“Pastéis de nata” or egg custard tarts, are probably the best known and loved Portuguese desert. Flaky on the outside, with a delicious creamy filling and a caramel crust, they are also bitesize and sweet enough to respond to any craving. Therefore, many people call them “a little bit of Heaven” and with very good reasons for that.
The origins of this pastry are not very clear, but it seems that the first ones were created in Lisbon, on the kitchens of the Mosteiro dos Jerónimos (Hieronymites Monastery), in Belém. That is the reason why the tart can also be known as a “Pastel de Belém”. Even so, there are some differences…
Sugar and eggs
Since the Age of Discoveries, from the XV to the XVII centuries, Portugal had access to large amounts of sugar and the egg yolks where a byproduct from the starching of clothes, done with the egg whites. Clearly, the combination of these two products originated a national and huge cake and pastry tradition, from which the “pastéis” are kings.
In 1834, the country’s government ended all the roman-catholic religious order and the Jerónimos closed. And this is where the history of the pastry became sort of a legend. Some people say the monks sold the recipe: on the other hand, several historians say that one of the cooks stole it. What we do know is that by 1837, very close to the monastery, the “Fábrica de Pastéis de Belém”, going strong up to today.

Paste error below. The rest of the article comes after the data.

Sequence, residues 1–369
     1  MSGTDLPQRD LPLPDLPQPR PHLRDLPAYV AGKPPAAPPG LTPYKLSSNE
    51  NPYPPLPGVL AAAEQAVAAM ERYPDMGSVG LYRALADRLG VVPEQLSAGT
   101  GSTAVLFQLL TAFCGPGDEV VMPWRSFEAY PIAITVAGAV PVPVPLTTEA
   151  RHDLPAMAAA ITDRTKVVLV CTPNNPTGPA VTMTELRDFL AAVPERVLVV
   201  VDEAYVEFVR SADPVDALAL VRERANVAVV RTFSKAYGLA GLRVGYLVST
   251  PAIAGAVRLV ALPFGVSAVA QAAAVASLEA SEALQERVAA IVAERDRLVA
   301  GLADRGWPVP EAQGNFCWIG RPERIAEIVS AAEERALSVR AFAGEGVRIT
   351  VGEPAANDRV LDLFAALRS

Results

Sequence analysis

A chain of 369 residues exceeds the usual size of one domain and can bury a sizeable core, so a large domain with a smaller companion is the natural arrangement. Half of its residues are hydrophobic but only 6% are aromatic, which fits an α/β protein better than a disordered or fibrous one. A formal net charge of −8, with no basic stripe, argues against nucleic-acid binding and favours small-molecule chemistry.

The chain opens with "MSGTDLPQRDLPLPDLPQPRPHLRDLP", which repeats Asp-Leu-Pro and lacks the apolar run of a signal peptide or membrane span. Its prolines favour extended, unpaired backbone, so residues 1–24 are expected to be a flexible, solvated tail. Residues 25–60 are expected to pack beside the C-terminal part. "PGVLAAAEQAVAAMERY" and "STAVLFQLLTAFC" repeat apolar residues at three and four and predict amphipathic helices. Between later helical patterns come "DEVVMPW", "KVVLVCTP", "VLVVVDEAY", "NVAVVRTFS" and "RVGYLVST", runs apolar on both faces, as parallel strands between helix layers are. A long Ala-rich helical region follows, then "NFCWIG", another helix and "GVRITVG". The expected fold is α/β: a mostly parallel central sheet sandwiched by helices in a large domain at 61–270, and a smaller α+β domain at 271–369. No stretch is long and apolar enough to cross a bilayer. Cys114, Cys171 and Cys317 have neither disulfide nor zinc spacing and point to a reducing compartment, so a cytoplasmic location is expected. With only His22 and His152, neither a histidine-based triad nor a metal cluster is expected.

Belém or Nata?
Soon, lots of other places started baking the tarts and the filling, based on egg yolks, sugar and cream (‘nata’, in Portuguese), surely gave them the most common name: “Pastéis de Nata”.
Experts say that the “Nata” and “Belém” varieties are not exactly the same, and I agree. The first tends to be a little bit bigger, with a more sugary and dense filling and, sometimes, a citric aroma. The second is smaller, with a flakey and less sweet crust and a more liquid filling. I loved them both, but if you want to make up your mind, try them both. Oh, the sacrifice…
You can find egg custard tarts, or “Natas” for short, all over the country and it’s hard to taste a bad one. Nevertheless, there are some bakery renowned for their pastries. These are my favorites in Lisbon, Porto and the Algarve.
If you, like all of us at Custom Portugal, are also a foodie, get in touch and let us organize a program to suit you. With egg custard tarts, of course, and many other delicious Portuguese flavors. And we also promise to show you amazing wine!